Sexual misconduct in online gaming communities difficult to police

For many young people, the new way to get out and play is to plop down at a gaming station. San Jose’s Play Live Nation recently reopened inside Westfield Valley Fair Mall, and is ready for the Summer rush.
“We just basically invite them to get socialized and everything. Although it is kind of hard with everything trying to open back up. But we are providing social distancing and stuff,” said Joe Zamora, one of the gaming shop’s managers.
While this on-line world features games testing skills, it’s also susceptible to real world issues. Some players and even league founders say abusive language is part-and-parcel with the competitive nature of sports.
“It happens so often, it’s literally a part of gaming. Especially being a girl gamer or woman gamer, you come across it all the time. Racism, sexism, all types of things,” said Whittney Allen, founder and owner of Houston-based WCL Professional eSports League.
San Jose State University finds itself caught up in controversy, as Thursday night the Esports at San Jose State team tweeted, “Multiple individuals of the esports community at SJSU, past and present, have been accused of sexual violence and misconduct. No incidents of this nature took place during any operations within our organizations. Spartan Esports has no place for such abuse.”
University officials said they are aware of the allegations, but declined a Fox 2 on-camera interview request. They instead emailed a short statement which read in part, “The Title IX Office has been made aware and has reached out on Twitter and will reach out further.  As a matter of protocol, SJSU does not disclose if someone has reached out to the Title IX Office.”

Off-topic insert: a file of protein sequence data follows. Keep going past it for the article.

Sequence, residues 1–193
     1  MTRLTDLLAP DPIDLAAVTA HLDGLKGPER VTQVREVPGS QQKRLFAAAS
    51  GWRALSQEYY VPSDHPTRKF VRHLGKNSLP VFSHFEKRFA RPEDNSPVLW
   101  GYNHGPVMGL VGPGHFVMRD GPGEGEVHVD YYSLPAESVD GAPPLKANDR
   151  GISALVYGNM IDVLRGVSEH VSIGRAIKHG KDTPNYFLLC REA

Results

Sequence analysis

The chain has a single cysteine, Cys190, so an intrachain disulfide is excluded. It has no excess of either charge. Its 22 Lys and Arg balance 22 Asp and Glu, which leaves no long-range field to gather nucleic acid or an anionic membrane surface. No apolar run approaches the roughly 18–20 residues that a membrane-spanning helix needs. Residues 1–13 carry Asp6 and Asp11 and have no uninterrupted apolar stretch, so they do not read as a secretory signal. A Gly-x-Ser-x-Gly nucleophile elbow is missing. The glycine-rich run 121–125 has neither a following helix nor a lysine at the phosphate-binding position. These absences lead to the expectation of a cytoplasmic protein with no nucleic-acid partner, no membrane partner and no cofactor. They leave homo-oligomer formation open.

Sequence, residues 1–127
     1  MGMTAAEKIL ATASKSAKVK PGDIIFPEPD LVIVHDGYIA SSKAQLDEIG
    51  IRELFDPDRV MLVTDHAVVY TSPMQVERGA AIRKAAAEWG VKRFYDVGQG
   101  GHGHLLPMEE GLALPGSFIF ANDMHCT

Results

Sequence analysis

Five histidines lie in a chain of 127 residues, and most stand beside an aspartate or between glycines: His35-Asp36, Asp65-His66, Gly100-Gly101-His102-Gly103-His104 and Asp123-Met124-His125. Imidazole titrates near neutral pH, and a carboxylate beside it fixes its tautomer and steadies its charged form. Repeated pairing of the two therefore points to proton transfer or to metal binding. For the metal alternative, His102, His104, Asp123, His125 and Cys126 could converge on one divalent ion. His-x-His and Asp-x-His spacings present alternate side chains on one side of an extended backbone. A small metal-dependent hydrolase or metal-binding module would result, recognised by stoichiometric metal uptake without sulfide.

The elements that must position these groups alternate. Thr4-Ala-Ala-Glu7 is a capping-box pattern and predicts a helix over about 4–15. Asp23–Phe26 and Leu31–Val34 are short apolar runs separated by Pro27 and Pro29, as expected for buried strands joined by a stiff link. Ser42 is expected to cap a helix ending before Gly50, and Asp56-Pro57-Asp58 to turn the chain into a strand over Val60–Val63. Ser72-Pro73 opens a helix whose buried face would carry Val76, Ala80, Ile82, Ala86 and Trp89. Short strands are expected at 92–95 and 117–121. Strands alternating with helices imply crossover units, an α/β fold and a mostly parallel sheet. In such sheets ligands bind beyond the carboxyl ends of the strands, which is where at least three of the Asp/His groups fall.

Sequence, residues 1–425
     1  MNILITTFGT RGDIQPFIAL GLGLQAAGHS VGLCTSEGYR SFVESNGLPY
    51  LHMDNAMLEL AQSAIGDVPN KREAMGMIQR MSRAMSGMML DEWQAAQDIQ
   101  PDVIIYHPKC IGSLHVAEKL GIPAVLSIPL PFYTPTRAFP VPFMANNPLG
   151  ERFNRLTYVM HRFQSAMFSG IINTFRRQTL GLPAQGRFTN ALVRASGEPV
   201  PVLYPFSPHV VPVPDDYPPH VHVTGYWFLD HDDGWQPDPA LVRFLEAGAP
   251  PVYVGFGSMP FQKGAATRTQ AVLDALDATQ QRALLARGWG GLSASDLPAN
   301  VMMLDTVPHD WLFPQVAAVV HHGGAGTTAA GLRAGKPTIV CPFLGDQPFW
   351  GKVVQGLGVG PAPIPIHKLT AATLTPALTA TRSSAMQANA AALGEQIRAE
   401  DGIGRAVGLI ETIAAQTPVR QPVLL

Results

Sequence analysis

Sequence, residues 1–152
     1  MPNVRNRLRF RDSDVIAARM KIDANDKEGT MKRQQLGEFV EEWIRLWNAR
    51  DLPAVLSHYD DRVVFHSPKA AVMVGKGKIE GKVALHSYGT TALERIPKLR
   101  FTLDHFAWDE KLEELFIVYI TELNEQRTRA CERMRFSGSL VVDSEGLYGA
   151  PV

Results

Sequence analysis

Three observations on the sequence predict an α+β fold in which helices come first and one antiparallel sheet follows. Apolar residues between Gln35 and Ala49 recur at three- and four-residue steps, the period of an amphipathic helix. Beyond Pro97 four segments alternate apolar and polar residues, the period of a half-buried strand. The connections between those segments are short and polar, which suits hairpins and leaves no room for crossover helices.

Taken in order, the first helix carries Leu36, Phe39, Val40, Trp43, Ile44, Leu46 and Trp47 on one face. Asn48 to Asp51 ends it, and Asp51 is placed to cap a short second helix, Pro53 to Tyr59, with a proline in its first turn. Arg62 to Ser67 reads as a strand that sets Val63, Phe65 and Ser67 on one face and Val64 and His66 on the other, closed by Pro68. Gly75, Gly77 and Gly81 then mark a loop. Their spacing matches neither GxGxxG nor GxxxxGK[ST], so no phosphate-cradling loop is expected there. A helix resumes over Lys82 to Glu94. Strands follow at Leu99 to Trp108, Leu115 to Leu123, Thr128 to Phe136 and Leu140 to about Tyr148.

eSports is a billion-dollar global business, with double-digit annual revenue growth. But policing bad actors who can take trash-talking over the line is difficult.
“There’s nothing to monitor these words or certain words that people say during, while in-game. And the typing or text, there’s very little words that they pick up,” said Allen.
At Play Live Nation, managers said they receive training, and can report offensive behavior which can lead to an accountholder’s suspension or permanent ban.
“It’s the gamer’s part and the game company’s part. So the game company is the one that takes responsibility and being able to check on the accounts and certain stuff. And then the gamers are the ones that can do their part by reporting these certain players, their toxicity, all this racism and all that stuff,” said Zamora.
Reporting and banning only go so far, since all an offender need do is re-register with a new user ID and new account, and then continue playing, and possibly offending.